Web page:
While visiting BPNP, have you ever encountered a plant or animal and wondered what it was? You’re not alone! iNaturalist is a global citizen science initiative that allows users to enter data about their sightings and to get information about their sightings from subject experts. Using a portable digital device, take a photo of the plant or animal, then login and submit it to iNaturalist.org using either the free app or download on a computer. You can post your identification or ask reviewers for identification help. The app and access to iNaturalist.org are free.
An iNaturalist project has been started for sightings at BPNP. Now we’ll all be able to learn from ours and other’s sightings. So please add Blackland Prairie Nature Preserve to your iNaturalist Project List and start posting your sightings. Even if you haven’t posted sightings to iNaturalist, check the Blackland Prairie Nature Preserve Project to see what others are reporting.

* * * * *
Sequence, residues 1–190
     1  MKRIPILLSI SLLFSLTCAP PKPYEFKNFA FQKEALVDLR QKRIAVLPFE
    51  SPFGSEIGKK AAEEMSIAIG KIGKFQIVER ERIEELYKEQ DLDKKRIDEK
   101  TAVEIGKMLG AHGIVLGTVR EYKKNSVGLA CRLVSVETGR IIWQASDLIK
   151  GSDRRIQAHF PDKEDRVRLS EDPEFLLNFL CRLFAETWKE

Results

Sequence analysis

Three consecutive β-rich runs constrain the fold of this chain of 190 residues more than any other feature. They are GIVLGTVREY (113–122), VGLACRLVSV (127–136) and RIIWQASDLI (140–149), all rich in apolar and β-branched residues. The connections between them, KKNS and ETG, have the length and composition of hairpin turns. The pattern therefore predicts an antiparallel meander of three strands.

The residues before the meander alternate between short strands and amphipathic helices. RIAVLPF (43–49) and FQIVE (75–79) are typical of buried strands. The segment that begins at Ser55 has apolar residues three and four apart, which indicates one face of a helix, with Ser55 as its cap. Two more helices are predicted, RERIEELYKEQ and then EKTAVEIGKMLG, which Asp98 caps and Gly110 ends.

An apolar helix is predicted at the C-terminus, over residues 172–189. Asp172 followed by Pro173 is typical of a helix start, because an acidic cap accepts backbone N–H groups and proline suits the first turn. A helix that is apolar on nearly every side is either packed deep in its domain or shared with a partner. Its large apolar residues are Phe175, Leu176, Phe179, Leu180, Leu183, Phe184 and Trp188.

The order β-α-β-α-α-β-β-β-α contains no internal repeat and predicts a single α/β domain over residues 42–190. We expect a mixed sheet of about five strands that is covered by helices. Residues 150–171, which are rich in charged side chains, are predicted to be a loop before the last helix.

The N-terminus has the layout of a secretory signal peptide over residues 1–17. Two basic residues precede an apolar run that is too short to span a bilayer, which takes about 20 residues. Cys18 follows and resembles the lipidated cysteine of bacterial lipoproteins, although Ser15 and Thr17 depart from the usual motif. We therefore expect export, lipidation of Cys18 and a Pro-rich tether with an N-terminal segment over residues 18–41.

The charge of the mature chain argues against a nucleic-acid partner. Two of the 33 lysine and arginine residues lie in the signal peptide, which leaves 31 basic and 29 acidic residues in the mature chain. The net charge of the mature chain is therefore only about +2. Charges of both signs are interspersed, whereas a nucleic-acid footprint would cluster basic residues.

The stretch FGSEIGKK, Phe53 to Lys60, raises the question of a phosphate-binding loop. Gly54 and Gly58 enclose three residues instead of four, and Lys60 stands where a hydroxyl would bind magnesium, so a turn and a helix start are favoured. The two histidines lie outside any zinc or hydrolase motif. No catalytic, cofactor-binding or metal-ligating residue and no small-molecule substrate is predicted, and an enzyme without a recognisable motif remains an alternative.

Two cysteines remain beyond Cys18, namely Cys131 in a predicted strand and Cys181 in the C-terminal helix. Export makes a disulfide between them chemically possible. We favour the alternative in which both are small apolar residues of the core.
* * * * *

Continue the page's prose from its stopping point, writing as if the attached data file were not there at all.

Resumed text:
eBird is world-wide bird listing program sponsored by the Cornell Lab of Ornithology and the National Audubon Society that provides frequency and distribution data on bird sightings…including Blackland Prairie Nature Preserve. Because grassland bird populations are in steep decline and their remaining habitats are so limited, BPNP provides an opportunity to see and record their presence. Please add your observations! See the most recent week’s sightings for BPNP using eBird’s Trail Tracker Sightings here.
From the time this site was recognized as a blackland prairie remnant, botanists have been visiting the site through the growing seasons. The variety of grasses and forbs (wildflowers) recorded include many which are found only on undisturbed blackland prairie sites, confirming the site as a blackland prairie remnant. If you would like a list of the plants recorded at BPNP over the years, please contact email@example.com.